Regional Reviews: Raleigh/Durham
The Book of Mormon
The show follows the mismatched missionary pair of Elder Price (an amazing Kevin Clay) and Elder Cunningham (the outrageously funny Conner Pierson), who receive their first missionary assignment from The Church of Jesus Christ of Latter-day Saints. They are sent to the poverty-stricken country of Uganda, which Elder Price sees as a death sentence and Elder Cunningham as The Lion King. Both are in for a rude awakening, and their faith is challenged in both grave and hilarious ways.
Trey Parker and Matt Stone had already proven themselves adept at creating an entertaining and well-crafted musical in 1999 with South Park: Bigger, Longer & Uncut, their movie musical adaptation of their hit Comedy Central TV show. Finding clever collaborators who knew the ins and outs of stage productions was all they needed to take the next step, and they found them in composer/lyricist Robert Lopez (who shares billing for the book) and director/choreographer Casey Nicholaw. Lopez's kindred sense of humor was evident in his sleeper hit Avenue Q, and his knowledge and love of all things Broadway enlivens this show, with delightful references to West Side Story, The Music Man, and The King and I.
The Book of Mormon (the text, not the show) might not have seemed like an obvious source of inspiration for the musical stage, but this show marries 21st century humor with the sort of stage craft typical of Broadway's golden age in the 1950s. The score is memorable and fun; there is not a single song that is mere diversion or sentiment. Each contributes to story and character development, elevating an already clever book. The story never feels too slow or too fast, and underneath the modern humor is a remarkably classic structure.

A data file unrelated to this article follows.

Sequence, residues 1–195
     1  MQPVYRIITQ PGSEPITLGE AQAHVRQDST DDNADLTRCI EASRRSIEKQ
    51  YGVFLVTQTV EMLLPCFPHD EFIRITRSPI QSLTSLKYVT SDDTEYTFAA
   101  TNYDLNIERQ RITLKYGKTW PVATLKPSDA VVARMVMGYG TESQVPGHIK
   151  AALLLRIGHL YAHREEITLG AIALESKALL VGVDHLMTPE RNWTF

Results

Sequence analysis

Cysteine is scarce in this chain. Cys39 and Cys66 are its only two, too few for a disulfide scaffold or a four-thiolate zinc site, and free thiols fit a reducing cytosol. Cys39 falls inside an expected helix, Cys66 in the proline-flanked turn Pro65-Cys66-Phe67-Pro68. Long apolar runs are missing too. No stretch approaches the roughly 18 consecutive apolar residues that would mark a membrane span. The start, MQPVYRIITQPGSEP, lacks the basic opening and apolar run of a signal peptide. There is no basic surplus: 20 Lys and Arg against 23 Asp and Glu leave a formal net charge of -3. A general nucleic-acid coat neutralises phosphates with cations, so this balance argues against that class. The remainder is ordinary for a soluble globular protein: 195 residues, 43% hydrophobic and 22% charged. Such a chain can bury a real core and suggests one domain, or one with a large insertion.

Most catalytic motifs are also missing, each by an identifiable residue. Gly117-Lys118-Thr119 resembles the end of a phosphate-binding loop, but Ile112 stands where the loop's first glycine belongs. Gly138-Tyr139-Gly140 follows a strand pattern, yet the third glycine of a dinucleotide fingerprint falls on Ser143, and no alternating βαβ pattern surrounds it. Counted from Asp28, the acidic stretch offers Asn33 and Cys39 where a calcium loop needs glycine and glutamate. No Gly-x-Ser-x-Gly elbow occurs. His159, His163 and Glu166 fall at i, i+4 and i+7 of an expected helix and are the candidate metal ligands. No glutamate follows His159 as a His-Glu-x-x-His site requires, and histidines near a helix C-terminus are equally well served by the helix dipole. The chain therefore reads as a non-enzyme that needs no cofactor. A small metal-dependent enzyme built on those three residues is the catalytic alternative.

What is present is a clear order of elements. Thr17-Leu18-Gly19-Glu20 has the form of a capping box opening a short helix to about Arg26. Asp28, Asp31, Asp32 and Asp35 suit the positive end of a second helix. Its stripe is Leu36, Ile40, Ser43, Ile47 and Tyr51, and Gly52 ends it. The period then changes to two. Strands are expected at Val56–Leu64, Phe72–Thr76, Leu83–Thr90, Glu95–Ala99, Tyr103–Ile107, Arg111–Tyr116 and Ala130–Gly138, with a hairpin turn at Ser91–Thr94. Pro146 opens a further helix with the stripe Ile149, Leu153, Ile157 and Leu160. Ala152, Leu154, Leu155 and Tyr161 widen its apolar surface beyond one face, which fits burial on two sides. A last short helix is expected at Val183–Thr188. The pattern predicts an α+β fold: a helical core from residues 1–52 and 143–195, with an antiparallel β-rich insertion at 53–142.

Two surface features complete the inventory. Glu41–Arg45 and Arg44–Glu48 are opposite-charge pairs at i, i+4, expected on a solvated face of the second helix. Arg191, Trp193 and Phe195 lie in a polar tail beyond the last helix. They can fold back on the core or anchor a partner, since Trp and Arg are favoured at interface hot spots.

Casey Nicholaw is in his element both as director and choreographer, constructing a show that flows seamlessly from one bit of delightful dancing to another. Tony-winning set design by Scott Pask does a lot with a little and makes great use of texture. Tony-winning lighting design by Brian MacDevitt is subtle or over-the-top as needed. Though there were occasional glitches in sound and microphone use at the performance I attended, this production is intact and wonderfully preserved in its second national tour.
Kevin Clay and Conner Pierson are clearly in their comfort zones as Elder Price and Elder Cunningham, respectively. Mr. Clay soars with his singing voice and is the ideal Abbott to Elder Cunningham's Costello. Mr. Pierson frequently evokes Josh Gad, the originator of his role, but makes it all feel fresh. As Nabulungi, the only female lead in a male-dominated cast, Kayla Pecchioni is the true heart of this production, showing us how badly Nabulungi needs to believe in something better than her circumstances. Her rendition of "Salt Tlay Ka Siti" is as heartbreaking as it is humorous.
To those who might be skeptical about the sometimes vulgar, always button-pushing style of The Book of Mormon, I say give it a chance. At its core it affirms our better selves and our nobler instincts, sending you on your way with a heartfelt smile. A musical comedy like this one has few peers in the modern Broadway canon, so don't wait for a "latter day."
The Book of Mormon, presented by SunTrust Broadway through August 12, 2018, at Durham Performing Arts Center, 123 Vivian St. Durham NC. Tickets can be purchased online at www.dpacnc.com, www.ticketmaster.com, or the Ticket Center at DPAC in person, or by phone at 919-680-2787. For more information on the tour, visit bookofmormonbroadway.com.
Book, Music and Lyrics: Trey Parker, Robert Lopez, Matt Stone